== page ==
Referring particularly to FIGS. 1 and 2 there is shown, connected in shunt with the YIG resonator comprising the input loop 12 and YIG sphere 13, the series combination of a clipping diode 18 and by-pass capacitor 19. A modulating control or DC voltage Vm is applied to the common terminal of the diode and capacitor. By selecting the voltage Vm the clipping diode will go into conduction at a predetermined voltage determined by the breakdown voltage of the diode and the voltage Vm. This limits the amplitude of the RF voltage across the loop thereby limiting the voltage on the output loop 16 and at output line 17.
FIGS. 3 and 4 show another oscillator incorporating the present invention. The oscillator includes a coupling loop 21 in the emitter circuit of transistor 22 coupled to YIG sphere 23. Bias voltage is applied to the emitter through resistor 24 which is bypassed by capacitor 26, and to the collector through inductor 37. The voltage controlled clipping circuit includes clipping diode 27 and capacitor 28. Control voltage Vm is applied at the common junction of the diode 27 and capacitor 28. Feedback signals are obtained at the base of transistor 22 through inductor 34. The oscillator output is obtained from the collector through the capacitor 36. As before the amplitude of the output voltage is fixed by the bias on the diode 27 which limits the voltage amplitude on the loop 21 and in turn the voltage at the output.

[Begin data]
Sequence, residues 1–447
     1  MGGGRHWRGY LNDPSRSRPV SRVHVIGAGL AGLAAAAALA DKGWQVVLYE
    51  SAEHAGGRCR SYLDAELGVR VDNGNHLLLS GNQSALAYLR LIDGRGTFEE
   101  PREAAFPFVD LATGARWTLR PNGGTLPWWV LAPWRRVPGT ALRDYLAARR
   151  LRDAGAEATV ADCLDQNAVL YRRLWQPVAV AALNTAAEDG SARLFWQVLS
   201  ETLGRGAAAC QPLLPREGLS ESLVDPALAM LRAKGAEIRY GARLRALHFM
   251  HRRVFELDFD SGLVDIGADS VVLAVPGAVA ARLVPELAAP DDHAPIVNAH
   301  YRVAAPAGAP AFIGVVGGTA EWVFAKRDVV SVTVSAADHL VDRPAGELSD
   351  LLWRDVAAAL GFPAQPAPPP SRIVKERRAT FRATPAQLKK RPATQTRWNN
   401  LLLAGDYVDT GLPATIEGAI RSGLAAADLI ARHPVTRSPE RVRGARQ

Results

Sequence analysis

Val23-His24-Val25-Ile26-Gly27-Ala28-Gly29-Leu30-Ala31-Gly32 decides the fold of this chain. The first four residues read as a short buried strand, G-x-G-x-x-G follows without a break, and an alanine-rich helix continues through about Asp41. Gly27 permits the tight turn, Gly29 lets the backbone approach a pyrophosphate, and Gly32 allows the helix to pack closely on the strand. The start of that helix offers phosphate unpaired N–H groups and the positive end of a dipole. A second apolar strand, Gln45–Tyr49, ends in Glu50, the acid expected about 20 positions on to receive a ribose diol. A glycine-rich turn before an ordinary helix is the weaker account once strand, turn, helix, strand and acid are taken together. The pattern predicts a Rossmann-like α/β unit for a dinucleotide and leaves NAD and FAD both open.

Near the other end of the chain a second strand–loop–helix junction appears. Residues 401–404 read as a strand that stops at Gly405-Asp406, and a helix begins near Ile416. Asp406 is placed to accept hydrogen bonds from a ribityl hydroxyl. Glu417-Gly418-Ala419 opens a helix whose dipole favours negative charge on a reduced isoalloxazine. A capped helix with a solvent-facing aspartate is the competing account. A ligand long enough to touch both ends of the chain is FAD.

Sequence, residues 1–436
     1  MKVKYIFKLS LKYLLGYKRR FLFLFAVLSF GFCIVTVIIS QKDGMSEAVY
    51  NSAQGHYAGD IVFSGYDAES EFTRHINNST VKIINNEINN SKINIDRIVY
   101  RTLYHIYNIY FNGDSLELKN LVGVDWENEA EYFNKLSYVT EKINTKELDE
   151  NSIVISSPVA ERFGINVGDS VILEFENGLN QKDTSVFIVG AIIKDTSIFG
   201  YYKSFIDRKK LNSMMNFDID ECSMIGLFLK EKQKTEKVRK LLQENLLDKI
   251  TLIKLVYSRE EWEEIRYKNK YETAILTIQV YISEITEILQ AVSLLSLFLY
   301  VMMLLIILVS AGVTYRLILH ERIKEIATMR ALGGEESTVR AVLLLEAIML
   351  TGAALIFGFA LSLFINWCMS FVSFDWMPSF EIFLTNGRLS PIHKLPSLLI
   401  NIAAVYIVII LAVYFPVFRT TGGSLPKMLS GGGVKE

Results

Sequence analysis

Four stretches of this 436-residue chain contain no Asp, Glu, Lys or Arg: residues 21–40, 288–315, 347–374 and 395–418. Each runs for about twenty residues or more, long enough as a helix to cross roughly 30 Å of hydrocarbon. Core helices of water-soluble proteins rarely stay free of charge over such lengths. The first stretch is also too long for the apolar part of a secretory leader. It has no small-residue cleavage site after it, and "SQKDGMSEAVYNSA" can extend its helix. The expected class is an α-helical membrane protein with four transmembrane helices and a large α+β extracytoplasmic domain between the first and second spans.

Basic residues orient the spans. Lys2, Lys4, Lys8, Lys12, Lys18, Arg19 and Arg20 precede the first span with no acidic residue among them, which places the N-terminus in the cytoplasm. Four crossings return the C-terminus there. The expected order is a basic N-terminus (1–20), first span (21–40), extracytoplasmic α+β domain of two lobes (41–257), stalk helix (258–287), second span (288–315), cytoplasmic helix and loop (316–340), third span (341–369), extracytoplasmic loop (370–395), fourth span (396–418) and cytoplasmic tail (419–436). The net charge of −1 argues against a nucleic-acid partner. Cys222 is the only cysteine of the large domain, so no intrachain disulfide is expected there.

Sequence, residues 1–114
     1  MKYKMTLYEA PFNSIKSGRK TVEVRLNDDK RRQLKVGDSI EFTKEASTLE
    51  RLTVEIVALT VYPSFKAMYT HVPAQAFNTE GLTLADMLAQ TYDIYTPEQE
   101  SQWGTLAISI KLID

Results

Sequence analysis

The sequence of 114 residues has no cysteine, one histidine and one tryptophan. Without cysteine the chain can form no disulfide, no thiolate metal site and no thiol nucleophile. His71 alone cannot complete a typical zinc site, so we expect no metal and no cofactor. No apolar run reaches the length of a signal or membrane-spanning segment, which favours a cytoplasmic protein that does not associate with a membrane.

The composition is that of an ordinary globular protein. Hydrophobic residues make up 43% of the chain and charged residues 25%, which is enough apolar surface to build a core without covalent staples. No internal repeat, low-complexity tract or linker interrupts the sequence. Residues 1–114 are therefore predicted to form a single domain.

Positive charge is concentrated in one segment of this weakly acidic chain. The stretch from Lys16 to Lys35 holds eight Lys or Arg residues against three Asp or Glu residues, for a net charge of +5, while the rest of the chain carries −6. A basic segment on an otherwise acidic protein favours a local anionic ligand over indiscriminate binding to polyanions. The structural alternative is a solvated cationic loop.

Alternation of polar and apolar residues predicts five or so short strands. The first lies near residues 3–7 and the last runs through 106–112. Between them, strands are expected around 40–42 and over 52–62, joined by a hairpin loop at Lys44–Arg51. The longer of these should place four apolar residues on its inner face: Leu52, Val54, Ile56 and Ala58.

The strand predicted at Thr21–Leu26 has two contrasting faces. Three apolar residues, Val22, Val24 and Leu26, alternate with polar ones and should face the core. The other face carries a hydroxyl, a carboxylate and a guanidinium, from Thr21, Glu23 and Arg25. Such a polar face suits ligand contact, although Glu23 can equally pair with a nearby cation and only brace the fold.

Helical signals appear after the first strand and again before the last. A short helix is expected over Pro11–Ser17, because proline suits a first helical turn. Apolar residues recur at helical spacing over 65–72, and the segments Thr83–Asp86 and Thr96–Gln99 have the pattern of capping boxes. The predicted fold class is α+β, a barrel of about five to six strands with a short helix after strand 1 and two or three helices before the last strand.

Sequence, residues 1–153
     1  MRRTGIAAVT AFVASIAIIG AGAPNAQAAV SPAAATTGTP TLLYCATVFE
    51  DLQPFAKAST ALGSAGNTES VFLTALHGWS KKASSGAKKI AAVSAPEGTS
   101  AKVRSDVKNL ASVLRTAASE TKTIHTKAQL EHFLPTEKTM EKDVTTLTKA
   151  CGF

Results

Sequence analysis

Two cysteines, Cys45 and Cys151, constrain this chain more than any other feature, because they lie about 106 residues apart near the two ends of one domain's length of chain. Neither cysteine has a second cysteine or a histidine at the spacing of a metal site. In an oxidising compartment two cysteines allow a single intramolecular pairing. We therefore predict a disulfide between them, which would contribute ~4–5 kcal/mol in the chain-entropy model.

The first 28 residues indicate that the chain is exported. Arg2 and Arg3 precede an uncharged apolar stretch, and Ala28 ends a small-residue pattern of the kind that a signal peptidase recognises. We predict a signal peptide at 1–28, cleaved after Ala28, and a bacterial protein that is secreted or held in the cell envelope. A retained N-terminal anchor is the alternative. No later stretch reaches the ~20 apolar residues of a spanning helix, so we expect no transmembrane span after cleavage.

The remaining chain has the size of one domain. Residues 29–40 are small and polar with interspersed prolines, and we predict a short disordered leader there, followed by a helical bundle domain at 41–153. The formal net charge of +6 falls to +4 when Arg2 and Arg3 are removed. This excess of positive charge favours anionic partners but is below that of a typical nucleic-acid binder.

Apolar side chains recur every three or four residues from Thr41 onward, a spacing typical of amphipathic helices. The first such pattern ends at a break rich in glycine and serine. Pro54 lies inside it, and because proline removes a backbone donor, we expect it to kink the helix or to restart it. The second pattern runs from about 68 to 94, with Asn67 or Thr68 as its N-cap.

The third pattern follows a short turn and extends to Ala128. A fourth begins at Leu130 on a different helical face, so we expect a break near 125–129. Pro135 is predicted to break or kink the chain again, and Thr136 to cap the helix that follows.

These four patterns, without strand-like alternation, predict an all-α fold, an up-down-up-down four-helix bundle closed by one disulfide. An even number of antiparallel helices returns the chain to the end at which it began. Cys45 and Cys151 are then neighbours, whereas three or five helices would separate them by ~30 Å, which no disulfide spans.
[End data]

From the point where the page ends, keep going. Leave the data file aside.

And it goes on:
The circuit of FIG. 3 is shown in a thin-film configuration in FIG. 4. The darkened areas represent metalization on the insulating substrate 38. The components bear the same numbers as in FIG. 3.